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Are speakers equipped with preferences concerning grammatical structures that are absent in their language? We examine this question by investigating the sensitivity of English speakers to the sonority of onset clusters. Linguistic research suggests that certain onset clusters are universally preferred (e.g., bd>lb). We demonstrate that such preferences(More)
Do speakers know universal restrictions on linguistic elements that are absent from their language? We report an experimental test of this question. Our case study concerns the universal restrictions on initial consonant sequences, onset clusters (e.g., bl in block). Across languages, certain onset clusters (e.g., lb) are dispreferred (e.g., systematically(More)
Optimality Theory explains typological markedness implications by proposing that all speakers possess universal constraints penalizing marked structure, irrespective of the evidence provided by their language (Prince & Smolensky, 1993/2004). An account of phonological perception sketched here entails that markedness constraints reveal their presence by(More)
Languages are known to exhibit universal restrictions on sound structure. The source of such restrictions, however, is contentious: Do they reflect abstract phonological knowledge, or properties of linguistic experience and auditory perception? We address this question by investigating the restrictions on onset structure. Across languages, onsets of small(More)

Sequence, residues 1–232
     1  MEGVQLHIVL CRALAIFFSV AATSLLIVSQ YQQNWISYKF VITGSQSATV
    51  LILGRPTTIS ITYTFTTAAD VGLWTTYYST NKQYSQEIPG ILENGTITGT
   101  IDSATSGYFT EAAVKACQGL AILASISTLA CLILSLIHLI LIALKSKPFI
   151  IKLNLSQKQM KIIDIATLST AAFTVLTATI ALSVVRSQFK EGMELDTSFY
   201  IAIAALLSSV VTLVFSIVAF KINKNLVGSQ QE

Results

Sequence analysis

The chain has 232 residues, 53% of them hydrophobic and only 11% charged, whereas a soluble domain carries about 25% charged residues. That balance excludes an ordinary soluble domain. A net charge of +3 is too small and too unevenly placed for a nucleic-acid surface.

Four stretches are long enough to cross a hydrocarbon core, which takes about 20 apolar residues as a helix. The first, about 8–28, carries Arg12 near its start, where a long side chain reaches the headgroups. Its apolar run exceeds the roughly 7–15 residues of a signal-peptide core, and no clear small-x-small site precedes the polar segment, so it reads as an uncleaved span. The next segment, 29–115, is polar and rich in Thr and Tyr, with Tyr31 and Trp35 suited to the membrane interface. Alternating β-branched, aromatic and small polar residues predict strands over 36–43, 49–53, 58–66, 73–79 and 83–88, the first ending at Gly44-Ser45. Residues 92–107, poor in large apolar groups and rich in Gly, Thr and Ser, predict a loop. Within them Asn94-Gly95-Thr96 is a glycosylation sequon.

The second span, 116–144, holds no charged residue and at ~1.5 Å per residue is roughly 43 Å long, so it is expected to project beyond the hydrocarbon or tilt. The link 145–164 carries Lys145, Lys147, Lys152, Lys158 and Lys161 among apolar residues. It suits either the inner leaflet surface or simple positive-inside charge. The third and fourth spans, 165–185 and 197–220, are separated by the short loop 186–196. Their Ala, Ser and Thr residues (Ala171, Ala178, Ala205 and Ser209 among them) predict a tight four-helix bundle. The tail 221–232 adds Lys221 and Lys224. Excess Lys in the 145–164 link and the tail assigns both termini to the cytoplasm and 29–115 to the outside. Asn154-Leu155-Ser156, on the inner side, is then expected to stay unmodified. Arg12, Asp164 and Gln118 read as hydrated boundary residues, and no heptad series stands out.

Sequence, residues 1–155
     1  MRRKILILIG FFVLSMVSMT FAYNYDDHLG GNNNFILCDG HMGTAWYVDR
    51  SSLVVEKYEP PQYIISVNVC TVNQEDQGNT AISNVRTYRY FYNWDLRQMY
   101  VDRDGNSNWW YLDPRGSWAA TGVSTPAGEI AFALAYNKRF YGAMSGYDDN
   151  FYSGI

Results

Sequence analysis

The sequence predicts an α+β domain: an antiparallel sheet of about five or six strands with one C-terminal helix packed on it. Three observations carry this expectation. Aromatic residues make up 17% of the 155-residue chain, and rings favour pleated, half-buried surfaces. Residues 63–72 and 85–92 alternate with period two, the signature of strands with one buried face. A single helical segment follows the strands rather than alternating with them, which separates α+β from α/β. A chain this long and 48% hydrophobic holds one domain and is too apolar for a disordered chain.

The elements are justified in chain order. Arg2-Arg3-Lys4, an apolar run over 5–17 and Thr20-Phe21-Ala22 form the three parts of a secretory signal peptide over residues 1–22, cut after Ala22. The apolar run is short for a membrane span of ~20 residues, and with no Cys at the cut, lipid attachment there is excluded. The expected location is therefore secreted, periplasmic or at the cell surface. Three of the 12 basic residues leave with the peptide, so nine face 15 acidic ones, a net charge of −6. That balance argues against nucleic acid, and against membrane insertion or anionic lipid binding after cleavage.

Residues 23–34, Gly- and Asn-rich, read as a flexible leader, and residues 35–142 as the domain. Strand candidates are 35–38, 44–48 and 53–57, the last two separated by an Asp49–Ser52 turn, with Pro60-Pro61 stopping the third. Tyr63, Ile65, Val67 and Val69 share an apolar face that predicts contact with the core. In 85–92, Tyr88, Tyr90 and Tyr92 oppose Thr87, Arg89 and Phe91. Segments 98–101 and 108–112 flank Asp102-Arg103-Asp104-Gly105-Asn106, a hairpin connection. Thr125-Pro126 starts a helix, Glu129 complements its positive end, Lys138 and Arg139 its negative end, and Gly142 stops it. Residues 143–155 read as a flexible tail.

Certain ill-formed phonological structures are systematically under-represented across languages and misidentified by human listeners. It is currently unclear whether this results from grammatical phonological knowledge that actively recodes ill-formed structures, or from difficulty with their phonetic encoding. To examine this question, we gauge the effect(More)
Across languages, onsets with large sonority distances are preferred to those with smaller distances (e.g., bw>bd>lb; Greenberg, 1978). Optimality theory (Prince & Smolensky, 2004) attributes such facts to grammatical restrictions that are universally active in all grammars. To test this hypothesis, here, we examine whether children extend putatively(More)
Domain-specific systems are hypothetically specialized with respect to the outputs they compute and the inputs they allow (Fodor, 1983). Here, we examine whether these 2 conditions for specialization are dissociable. An initial experiment suggests that English speakers could extend a putatively universal phonological restriction to inputs identified as(More)
Supplementary materials In this analysis we assume that for any underlying form /uf/ there is a set of surface forms faithful to /uf/. There may be multiple such forms because /uf/ may be underspecified to some degree; e.g. prosodic structure may not be present in /uf/. We assume a surface form [sf] to be fully specified in the sense that it uniquely(More)
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